Gomphrena canescens

Distribution Map
Family: Amaranthaceae
Distribution: Tropical areas of Western Australian, Northern Territory and Queensland in woodland and coastal dunes.
Common Name: Batchelors Buttons
Derivation of Name: Gomphrena... said to have been derived by C.Linnaeus from the ancient Greek, gromphaena, a plant with leaves alternately green and pink along the stem (i.e. Amaranthus tricolor) but more likely from gomphos (a club), referring to the globose heads of the type species1
canescens... from Latin canescens, hoary (white or grey haired), possibly referring to the greyish hairs on the leaves.
Conservation Status: Not considered to be at risk in the wild.

General Description:

Gomphrena is a genus of 100 or more species of low-growing annuals or perennials which occur mainly in Central and South America. There are about 35 Australian species including several yet to be formerly described. A number of the exotic species have naturalised in parts of Australia.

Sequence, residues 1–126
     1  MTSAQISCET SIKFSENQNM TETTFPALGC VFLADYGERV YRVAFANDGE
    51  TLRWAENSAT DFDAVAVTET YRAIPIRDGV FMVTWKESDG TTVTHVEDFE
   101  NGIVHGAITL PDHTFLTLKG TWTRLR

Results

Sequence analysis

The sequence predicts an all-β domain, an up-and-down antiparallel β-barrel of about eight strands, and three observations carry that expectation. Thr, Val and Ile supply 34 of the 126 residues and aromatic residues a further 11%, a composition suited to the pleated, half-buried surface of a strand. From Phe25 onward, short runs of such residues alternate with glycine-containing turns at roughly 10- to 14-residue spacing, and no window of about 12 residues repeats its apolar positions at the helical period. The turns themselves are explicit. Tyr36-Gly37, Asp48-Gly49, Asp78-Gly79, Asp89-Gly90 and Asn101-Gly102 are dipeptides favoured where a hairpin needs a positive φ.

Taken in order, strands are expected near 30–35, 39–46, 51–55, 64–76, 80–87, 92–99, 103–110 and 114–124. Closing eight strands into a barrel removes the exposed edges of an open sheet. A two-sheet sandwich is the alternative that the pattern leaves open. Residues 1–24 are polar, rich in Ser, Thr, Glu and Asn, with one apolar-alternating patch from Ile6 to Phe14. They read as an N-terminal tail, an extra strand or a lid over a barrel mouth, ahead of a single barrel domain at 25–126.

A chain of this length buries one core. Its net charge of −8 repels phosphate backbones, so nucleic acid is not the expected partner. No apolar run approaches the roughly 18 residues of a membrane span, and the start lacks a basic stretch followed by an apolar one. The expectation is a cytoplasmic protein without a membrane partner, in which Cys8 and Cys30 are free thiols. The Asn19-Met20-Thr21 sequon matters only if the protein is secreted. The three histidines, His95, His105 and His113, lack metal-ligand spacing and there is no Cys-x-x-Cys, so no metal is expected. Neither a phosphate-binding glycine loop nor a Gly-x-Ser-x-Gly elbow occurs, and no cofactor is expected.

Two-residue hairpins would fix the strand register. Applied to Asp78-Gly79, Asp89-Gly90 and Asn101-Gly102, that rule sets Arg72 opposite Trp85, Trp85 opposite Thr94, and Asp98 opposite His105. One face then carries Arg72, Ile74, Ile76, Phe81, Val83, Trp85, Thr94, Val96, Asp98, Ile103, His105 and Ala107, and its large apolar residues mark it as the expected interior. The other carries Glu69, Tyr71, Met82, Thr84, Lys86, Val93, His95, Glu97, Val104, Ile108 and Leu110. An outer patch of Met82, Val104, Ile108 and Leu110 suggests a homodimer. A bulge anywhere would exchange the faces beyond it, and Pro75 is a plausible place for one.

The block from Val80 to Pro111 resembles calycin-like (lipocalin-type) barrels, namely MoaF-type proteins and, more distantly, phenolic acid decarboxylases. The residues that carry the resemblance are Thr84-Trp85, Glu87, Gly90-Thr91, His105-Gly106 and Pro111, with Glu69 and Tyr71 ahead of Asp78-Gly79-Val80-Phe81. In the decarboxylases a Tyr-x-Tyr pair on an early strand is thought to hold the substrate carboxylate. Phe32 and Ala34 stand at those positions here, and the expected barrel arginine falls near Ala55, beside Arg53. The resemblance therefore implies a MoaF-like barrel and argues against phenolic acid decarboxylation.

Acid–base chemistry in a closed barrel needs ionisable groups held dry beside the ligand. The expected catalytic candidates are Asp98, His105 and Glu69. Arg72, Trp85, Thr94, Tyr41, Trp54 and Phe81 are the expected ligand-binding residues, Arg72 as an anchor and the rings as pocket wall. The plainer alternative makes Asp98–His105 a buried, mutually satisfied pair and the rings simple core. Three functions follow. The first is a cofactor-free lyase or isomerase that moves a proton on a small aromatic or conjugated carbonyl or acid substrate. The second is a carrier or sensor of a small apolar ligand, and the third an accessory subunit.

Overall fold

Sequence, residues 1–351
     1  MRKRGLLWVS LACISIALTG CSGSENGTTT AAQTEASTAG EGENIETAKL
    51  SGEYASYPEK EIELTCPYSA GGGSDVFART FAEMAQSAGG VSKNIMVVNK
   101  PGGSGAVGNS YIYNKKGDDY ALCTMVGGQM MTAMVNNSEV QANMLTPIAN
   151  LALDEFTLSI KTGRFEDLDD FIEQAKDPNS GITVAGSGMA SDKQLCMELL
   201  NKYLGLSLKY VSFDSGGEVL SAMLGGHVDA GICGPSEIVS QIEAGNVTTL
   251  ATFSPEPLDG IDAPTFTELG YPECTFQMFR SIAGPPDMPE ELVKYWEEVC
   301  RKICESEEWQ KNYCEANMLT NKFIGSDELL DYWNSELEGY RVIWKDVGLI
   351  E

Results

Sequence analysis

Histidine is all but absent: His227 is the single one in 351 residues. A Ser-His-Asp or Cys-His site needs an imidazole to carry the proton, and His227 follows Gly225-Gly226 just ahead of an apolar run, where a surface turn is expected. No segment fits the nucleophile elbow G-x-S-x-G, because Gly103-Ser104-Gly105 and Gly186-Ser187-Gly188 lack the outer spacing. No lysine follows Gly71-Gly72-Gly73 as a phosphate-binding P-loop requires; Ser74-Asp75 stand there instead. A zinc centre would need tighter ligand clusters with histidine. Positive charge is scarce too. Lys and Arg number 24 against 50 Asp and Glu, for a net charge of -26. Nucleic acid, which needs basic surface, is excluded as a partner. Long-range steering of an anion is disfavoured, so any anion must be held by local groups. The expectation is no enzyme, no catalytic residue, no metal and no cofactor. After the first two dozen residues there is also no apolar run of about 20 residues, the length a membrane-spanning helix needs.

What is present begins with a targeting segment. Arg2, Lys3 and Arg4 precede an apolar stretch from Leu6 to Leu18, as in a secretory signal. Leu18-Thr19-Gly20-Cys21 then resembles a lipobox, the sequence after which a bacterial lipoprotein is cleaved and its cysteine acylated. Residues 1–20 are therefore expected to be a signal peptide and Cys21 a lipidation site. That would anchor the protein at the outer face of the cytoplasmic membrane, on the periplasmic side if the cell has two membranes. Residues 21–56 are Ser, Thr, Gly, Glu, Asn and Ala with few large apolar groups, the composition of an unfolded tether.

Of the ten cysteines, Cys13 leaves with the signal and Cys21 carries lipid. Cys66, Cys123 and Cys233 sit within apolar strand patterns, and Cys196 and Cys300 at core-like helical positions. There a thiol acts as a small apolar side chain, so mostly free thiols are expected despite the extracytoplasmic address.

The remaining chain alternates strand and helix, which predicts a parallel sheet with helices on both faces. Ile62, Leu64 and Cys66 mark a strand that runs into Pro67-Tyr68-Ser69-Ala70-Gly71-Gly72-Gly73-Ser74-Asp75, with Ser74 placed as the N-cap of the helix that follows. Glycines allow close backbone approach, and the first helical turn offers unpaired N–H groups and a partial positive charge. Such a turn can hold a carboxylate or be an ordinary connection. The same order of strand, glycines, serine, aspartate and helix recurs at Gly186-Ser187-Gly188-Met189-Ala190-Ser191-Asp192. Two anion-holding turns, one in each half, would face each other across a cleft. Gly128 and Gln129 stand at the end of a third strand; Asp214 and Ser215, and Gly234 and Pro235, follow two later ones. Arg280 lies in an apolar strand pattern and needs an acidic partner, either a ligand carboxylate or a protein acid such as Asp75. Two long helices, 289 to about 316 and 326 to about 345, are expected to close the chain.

G.canescens is an annual or perennial species up to about 1 metre in height. Leaves are linear to narrowly elliptic. The small flowers occur between clusters of papery bracts towards the ends of the branches and it is the bracts that provide the colour in the composite flower heads. The flowers heads are usually white or pink, fading to white as they age. A deep red form is known from the Northern Territory. Flowering usually occurs from autumn to late winter and spring.

Gomphrena canescens

Gomphrena canescens
Flowers and growth habit of Gomphrena canescens
Photos: Brian Walters

G.canescens has not been widely cultivated to date but, despite its tropical origin, it has been successfully cultivated in more temperate areas (eg. the Australian Botanic Garden, Mt Annan, NSW and the Australian Garden, Cranbourne, Victoria). The plants require an open, sunny location in well drained soils which are not allowed to dry out.

Propagation can be carried out from seed but it is reported to be slow to germinate. Cuttings of firm, current season's growth may also be successful.


Footnote:

1. Derivation of genus name from Flora of Australia online.

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